NB: This post was originally authored by me and published on Bellanaija.com, an online lifestyle blog.
Approximately 200 seconds before sitting down to write this, I finished logistics for the delivery of a product a certain company wanted me to help promote as a Brand Influencer. Based on the fact that via my social media I reach a good number of moms, especially stay-at-home moms, they figured doing business with me would be good for them.
It made me think.
Recently, as the world marked International Women’s Day, Leading Ladies Africa put together the 2019 list of ‘100 Most influential women in Nigeria.’ I was busy congratulating my friend Ayo Mairo-Ese whose name was on the list without knowing that I too had somehow made the list. Even though I was extremely pleased, my surprise was way higher.
The email they sent with the nomination ended with: ‘…thank you for sharing your light with the world.’ But what I was truly thinking was ‘Wow, from the home front to the world.’
I hope these stories don’t sound like I am showing off. Not at all, and please forgive me if you think so. I think back at how my story started from the homefront and is unfolding still on the homefront. I didn’t always want to be identified as a ‘stay-at-home mom’ or ‘homemaker.’ Corporate Nigeria was my calling, and I was even blessed to have an international job within those streets. Having to lay that down to serve what, in that season, needed my nurture was a painful sacrifice.
No doubt, I was happy to be a mom but I also desperately wanted to be a career woman. A #WorkingMom. I wanted to work outside the home, a nine to five, and with an actual job designation and location.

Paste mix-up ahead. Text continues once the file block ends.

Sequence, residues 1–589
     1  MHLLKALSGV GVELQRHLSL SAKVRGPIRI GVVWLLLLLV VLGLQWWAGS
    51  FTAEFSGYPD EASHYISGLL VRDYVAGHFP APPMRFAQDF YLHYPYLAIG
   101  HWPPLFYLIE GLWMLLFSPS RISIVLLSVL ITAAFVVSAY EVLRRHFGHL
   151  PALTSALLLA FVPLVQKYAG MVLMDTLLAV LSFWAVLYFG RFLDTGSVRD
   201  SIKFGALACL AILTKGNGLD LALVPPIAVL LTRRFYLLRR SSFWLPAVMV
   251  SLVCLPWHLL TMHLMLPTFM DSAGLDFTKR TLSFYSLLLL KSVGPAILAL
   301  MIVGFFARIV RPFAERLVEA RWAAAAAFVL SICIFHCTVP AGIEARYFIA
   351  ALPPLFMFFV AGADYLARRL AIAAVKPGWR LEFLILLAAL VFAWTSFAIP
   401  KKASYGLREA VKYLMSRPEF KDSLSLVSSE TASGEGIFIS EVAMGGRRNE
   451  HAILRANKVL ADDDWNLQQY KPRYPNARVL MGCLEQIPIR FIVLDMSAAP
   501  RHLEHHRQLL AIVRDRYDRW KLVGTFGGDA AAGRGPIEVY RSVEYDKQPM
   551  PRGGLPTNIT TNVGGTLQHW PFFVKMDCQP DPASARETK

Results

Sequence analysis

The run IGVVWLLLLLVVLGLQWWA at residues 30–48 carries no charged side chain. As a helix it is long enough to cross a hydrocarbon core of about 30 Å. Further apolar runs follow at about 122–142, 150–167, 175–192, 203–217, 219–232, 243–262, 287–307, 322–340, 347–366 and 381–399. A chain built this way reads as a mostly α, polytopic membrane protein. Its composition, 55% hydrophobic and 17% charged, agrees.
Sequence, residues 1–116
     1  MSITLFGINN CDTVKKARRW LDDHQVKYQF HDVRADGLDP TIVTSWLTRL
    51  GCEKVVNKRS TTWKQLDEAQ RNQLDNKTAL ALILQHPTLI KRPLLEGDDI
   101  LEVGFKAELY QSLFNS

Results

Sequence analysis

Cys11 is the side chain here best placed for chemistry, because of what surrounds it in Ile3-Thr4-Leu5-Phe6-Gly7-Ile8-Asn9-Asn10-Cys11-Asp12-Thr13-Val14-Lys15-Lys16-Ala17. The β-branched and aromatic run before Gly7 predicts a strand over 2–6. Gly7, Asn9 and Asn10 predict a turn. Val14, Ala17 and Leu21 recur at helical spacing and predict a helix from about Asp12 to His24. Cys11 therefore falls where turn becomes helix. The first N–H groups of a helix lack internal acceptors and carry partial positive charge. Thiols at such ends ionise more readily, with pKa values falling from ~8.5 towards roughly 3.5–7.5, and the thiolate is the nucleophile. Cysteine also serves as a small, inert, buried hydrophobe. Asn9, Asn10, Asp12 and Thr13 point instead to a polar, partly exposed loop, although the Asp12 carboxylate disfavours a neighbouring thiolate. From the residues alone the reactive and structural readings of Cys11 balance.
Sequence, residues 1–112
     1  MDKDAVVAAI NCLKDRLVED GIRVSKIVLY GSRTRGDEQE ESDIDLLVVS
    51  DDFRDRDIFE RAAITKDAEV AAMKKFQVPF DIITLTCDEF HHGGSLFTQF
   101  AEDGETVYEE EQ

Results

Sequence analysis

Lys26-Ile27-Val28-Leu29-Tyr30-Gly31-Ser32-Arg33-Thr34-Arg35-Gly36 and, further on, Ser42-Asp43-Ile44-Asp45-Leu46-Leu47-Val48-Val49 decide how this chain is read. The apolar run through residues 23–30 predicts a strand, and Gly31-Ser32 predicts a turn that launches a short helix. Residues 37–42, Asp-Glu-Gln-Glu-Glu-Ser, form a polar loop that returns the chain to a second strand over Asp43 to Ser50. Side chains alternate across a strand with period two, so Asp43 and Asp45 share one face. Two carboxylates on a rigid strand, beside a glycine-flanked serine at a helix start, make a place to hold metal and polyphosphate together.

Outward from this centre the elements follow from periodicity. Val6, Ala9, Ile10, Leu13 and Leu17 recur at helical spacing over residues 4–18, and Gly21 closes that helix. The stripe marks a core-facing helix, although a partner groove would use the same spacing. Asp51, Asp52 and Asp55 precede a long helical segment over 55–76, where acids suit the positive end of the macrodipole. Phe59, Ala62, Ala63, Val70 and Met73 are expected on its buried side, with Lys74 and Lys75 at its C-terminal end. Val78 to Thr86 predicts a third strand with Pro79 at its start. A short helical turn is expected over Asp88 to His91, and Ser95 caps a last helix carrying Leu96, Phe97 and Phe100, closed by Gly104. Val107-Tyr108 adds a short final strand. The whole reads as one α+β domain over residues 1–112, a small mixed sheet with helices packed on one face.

I was frustrated at the world, but thankfully was wise enough to get a grip before I finally spiraled out of control into the abyss of depression, comparison, self-hate and general world hate. I decided to challenge myself into a weight loss journey, was absolutely enthralled by the entire journey, started helping women lose weight for free, realized I could make money from that wisdom right at home while still having time for my kids and husband. And even though I was shaking as I launched, I still launched and put some money on the value that I was offering.
Today, I run a multi-million-naira fitness empire from one small space in my living room, which my husband won’t stop harassing me about because I don’t pay rent yet I had the guts to decorate it. I moved from this mom who backed her then 1-year-old son and trekked all the way to the ATM to withdraw some money my husband sent to me as I could not afford that ₦50 for a bus fare, to a mom who has been blessed.
As I saw my life taking shape, I started to share my story via my blog eziaha.com to encourage stay at home moms in the same shoes as me, then hold regular small meetings for Domestic Queens (my fond term for stay-at-home moms. Today, we host not-so-small meetings and have pulled sponsorships and partnerships I could not even imagine. I am also writing a book to document my story in posterity.
From where? That tiny little real estate in my living room where I don’t even pay rent (side eye to you, Bolaji Olojo).